Boo-Boo Bear is a Hanna-Barbera cartoon character on The Yogi Bear Show. Boo-Boo is an anthropomorphic dwarf bear who wears a blue bowtie. Boo-Boo is Yogi Bear's constant companion, and often acts as his conscience. He tries to keep Yogi from doing things he should not do, and also to keep Yogi from getting into trouble with Ranger Smith – often saying, "Mr. Ranger isn't gonna like this, Yogi." It is apparent that Boo-Boo is simply an adult bear who is short of stature.

<i>Yogis Ark Lark</i>

Yogi's Ark Lark is a 1972 animated television film produced by Hanna-Barbera, intended to raise ecological awareness. It was broadcast on September 16, 1972, as part of The ABC Saturday Superstar Movie and served as the pilot for Yogi's Gang.

Yogi the Easter Bear is an American animated television special starring Yogi Bear, produced by Hanna-Barbera and animated by Filipino animation studio Fil-Cartoons. It was broadcast in syndication on April 3, 1994. This is one of Don Messick's last voice-over roles; he suffered a debilitating stroke in 1996 and died in 1997.

<i>Yogi Bears All Star Comedy Christmas Caper</i>

Yogi Bear's All Star Comedy Christmas Caper is a 1982 animated Christmas television special starring Yogi Bear. It is the third and final Yogi Christmas special. Produced by Hanna-Barbera, it first aired on December 21, 1982 on CBS. Along with Yogi's traditional cast, the characters also met up with many other Hanna-Barbera characters, including Magilla Gorilla and Fred Flintstone.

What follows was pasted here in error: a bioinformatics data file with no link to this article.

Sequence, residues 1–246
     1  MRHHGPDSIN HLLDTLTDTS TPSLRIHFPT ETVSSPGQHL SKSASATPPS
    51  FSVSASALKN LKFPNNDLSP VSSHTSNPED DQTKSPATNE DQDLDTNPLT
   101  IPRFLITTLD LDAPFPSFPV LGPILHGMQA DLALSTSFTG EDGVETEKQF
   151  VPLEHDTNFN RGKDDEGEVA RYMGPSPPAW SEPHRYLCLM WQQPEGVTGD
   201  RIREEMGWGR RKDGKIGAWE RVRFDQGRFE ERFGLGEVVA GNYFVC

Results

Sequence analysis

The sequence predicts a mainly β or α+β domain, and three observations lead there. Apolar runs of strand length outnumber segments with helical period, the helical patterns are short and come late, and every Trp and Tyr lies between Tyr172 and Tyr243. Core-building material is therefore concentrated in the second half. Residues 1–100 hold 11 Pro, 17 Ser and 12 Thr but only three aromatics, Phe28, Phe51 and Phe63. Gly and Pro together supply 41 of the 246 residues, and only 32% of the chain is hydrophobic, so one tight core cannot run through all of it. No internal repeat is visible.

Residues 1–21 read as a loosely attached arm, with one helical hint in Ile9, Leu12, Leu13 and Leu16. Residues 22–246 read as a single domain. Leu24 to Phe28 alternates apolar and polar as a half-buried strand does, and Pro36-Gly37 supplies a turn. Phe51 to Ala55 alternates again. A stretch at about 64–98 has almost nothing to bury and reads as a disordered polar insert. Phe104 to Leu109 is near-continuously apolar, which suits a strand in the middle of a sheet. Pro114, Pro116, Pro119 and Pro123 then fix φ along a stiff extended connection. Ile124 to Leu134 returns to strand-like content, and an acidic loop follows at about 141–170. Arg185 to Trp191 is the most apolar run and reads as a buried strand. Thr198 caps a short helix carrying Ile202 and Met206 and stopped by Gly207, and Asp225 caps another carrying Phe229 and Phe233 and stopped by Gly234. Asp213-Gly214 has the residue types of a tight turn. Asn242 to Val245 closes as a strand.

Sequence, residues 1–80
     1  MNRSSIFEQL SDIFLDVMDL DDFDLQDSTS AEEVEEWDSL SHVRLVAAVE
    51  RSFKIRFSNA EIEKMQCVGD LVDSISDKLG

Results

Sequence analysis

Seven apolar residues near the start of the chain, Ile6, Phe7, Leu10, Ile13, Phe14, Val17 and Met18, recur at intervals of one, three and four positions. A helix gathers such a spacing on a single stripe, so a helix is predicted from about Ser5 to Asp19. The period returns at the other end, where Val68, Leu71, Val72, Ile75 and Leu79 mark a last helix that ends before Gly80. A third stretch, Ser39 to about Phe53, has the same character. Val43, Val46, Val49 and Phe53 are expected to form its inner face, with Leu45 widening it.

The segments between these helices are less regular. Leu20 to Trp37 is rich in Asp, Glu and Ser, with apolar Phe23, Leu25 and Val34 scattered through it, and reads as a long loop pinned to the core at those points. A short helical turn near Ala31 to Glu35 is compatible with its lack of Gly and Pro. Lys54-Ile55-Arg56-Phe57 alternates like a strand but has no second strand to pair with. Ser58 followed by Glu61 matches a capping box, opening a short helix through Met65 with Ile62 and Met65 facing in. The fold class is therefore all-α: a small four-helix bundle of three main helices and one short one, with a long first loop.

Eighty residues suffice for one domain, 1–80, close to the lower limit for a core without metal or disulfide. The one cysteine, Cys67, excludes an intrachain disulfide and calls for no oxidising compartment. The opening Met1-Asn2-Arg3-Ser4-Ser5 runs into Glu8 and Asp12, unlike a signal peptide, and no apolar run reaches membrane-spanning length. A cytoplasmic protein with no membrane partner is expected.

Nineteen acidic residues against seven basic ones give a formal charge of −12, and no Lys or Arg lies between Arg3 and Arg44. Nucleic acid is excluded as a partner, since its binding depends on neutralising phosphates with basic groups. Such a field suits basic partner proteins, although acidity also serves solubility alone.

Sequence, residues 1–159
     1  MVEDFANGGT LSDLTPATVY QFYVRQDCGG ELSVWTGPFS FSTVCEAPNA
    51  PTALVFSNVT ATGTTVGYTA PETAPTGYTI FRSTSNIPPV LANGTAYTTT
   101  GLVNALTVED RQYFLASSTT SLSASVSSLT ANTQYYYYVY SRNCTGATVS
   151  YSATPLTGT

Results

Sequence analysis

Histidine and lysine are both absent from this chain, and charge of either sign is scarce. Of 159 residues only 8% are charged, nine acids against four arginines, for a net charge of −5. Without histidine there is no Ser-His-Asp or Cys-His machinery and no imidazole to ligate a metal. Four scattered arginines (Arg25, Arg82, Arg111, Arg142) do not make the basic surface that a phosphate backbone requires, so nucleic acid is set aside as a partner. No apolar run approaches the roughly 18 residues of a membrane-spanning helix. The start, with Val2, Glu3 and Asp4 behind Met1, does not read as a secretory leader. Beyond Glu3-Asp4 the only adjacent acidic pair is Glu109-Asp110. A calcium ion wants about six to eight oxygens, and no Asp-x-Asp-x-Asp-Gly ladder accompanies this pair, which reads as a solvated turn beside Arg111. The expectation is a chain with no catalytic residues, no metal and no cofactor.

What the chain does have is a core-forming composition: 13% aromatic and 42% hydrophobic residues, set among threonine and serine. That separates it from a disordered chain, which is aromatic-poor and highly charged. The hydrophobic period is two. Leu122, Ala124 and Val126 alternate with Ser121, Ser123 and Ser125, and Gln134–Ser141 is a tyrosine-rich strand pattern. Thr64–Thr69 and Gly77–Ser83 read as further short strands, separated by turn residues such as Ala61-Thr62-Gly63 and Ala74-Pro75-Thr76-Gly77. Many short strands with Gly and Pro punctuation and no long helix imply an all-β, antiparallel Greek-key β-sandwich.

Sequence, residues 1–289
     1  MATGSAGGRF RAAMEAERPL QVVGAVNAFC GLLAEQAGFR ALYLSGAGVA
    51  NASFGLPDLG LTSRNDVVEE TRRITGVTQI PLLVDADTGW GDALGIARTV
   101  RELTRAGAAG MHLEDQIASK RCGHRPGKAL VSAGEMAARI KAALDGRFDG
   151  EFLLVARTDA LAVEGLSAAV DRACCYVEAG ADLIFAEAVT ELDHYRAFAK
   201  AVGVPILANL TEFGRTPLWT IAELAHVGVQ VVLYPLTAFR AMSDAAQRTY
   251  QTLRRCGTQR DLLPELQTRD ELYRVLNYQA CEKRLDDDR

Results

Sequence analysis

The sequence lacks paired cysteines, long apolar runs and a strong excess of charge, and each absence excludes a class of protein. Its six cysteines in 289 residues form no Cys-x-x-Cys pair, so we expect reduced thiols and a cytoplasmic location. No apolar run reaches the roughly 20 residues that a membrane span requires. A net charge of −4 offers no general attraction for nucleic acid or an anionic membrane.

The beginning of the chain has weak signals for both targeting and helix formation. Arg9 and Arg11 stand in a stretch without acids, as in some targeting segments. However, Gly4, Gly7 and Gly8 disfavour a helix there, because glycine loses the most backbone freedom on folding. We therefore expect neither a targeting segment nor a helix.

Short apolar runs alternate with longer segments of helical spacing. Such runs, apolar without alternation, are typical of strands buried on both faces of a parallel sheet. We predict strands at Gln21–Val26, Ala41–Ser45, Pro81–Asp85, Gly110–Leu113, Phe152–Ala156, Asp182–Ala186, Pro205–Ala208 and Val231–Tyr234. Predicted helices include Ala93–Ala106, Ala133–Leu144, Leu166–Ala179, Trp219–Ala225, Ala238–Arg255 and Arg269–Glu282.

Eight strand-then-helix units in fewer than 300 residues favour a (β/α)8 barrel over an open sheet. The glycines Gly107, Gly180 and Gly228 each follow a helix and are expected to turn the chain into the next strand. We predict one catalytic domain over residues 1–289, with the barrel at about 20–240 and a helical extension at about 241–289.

Huckleberry Hound American animated television character

Huckleberry "Huck" Hound is a fictional cartoon character, a blue anthropomorphic coonhound that speaks with a North Carolina Southern drawl. He first appeared in the series The Huckleberry Hound Show. The cartoon was one of six TV shows to win an Emmy Award in 1960 as an "Outstanding Achievement in the Field of Children's Programming"; the first animated series to receive such an award.

<i>Yogi Bear</i> (film) 2010 American film